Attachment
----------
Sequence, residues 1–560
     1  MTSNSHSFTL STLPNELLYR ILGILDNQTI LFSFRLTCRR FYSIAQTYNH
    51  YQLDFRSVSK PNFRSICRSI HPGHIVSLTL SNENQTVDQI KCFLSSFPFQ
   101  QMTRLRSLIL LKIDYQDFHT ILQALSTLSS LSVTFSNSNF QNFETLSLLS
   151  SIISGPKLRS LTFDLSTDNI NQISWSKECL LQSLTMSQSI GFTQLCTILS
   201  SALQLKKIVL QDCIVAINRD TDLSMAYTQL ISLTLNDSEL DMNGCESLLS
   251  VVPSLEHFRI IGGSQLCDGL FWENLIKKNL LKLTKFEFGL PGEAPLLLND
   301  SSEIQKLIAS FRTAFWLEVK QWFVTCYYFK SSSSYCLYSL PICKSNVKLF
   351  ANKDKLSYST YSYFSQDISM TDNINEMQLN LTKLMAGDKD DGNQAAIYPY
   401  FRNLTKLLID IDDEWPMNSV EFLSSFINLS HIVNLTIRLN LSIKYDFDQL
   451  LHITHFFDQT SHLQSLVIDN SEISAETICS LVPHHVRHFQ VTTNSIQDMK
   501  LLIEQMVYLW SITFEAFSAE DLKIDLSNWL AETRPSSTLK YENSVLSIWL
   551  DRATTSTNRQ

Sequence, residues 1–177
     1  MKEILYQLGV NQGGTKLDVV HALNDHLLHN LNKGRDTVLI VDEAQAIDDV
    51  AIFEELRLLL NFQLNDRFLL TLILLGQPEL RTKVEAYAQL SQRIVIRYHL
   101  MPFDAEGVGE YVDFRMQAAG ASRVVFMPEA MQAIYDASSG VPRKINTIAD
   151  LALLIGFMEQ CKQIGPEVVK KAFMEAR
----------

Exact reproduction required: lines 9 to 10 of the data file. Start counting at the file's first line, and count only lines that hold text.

   351  ANKDKLSYST YSYFSQDISM TDNINEMQLN LTKLMAGDKD DGNQAAIYPY
   401  FRNLTKLLID IDDEWPMNSV EFLSSFINLS HIVNLTIRLN LSIKYDFDQL